It is one object of the present invention, therefore, to modify the preparation of fused magnesia crystalline particulates so that increased product yield having a higher purity results.

It is another object of the present invention to provide novel process means for a more effective preparation of fused magnesia crystalline particulates from the starting material.

Still another object of the present invention is to provide novel means when fusing a bulk mass of magnesia mineral to promote larger amounts of both recrystallization and sintered crystal formation.

These and still further objects of the present invention will become apparent upon considering the following detailed description of the present invention.

SUMMARY OF THE INVENTION

It has now been discovered that a removal of the still heated solid ingot from the electric furnace before its central core region fully reaches the recrystallization temperature of molten magnesia crystals contained therein enables further processing in accordance with the present invention. More particularly, the solid ingot after being discharged from the electric furnace while still at extremely elevated temperatures is next thermally insulated for cooling to ambient temperatures at a lower cooling rate. Extending the cooling time period in such manner with temperature loss in the discharged ingot being retarded promotes additional recrystallization of still molten magnesia material in a central core region of said ingot along with further melting of only sintered material in the outer peripheral regions of the ingot. Such additional melting of sintered regions in the thermally insulated ingot understandably increases the ingot size and weight for subsequent pulverization by mechanical means after cooling to ambient temperatures. A thermally insulated ingot cooled to ambient temperatures in such manner can thereby be expected to contain larger amounts of both recrystallized and sintered material when pulverized in the customary manner. A still further benefit attributable to thermal insulation of the discharged furnace ingot during cooling is enhancement of a chemical refining process occurring in the central core region which enables the recrystallized magnesia material to have fewer contaminants. Contaminants are removed with added heat retention by increasing volatilization from the central core region of the thermally insulated furnace ingot with larger and more chemically pure crystals being formed as a consequence.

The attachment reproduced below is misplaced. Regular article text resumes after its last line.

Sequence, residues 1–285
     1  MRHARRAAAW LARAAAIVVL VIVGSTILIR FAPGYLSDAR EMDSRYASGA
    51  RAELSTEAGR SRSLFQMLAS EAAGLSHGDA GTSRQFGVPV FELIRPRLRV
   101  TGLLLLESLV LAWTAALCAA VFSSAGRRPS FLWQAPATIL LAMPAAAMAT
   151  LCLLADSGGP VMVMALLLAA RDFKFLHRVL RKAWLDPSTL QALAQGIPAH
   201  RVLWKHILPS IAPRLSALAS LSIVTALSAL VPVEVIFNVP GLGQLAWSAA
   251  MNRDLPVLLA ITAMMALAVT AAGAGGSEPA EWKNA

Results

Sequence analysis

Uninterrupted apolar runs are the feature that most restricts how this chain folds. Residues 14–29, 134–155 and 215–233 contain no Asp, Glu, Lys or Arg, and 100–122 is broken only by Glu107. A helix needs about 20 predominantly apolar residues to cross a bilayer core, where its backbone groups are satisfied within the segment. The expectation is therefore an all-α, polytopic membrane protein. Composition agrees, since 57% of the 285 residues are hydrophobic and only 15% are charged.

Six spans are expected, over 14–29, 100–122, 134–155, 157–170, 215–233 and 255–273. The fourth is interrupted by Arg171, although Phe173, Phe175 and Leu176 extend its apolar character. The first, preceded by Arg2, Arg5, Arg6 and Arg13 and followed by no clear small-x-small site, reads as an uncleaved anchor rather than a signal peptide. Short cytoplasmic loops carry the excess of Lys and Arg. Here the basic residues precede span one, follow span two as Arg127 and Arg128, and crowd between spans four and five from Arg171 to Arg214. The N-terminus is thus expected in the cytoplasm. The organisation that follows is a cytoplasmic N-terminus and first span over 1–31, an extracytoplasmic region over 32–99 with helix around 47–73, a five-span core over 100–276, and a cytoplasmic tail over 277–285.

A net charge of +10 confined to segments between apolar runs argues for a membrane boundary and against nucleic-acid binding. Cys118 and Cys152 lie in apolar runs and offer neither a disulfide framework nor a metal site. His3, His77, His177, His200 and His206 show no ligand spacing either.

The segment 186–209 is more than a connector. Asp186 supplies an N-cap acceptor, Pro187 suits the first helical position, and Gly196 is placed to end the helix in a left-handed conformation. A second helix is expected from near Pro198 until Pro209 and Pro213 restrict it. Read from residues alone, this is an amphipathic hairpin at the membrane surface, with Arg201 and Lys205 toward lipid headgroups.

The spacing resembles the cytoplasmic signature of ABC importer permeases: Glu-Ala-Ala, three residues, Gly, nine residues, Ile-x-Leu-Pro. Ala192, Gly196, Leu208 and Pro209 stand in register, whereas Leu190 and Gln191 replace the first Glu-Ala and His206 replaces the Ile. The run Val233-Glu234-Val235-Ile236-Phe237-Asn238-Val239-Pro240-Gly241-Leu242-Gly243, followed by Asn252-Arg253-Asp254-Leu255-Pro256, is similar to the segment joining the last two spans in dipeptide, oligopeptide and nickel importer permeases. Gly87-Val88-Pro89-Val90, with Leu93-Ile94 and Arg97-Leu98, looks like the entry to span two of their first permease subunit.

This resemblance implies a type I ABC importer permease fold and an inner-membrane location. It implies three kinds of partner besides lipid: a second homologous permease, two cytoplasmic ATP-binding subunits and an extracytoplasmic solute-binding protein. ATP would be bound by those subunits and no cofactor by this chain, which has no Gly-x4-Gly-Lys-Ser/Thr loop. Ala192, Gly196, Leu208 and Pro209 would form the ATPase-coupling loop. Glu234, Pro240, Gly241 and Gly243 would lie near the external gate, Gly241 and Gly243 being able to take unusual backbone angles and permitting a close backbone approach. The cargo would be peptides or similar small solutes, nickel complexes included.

Various thermal insulation means can be employed in the foregoing manner to provide the desired results. In one representative embodiment, the discharged furnace ingot can simply be covered in whole or in part with a blanket formed by commercially available fibrous refractory material while cooling. In a different representative embodiment, the discharged furnace ingot is cooled to ambient temperatures while being physically engaged about the ingot's sides with various known refractory materials such as fire brick, refractory ramming mixes, castable refractories and the like. A thermally insulated metal shell which encases the discharged furnace ingot during cooling can also provide a suitable heat retention means for practice of the presently improved method.

BRIEF DESCRIPTION OF THE DRAWING

The accompanying drawing is a material flow chart depicting representative processing equipment employed for practice of the present method.

DETAILED DESCRIPTION OF THE PREFERRED EMBODIMENTS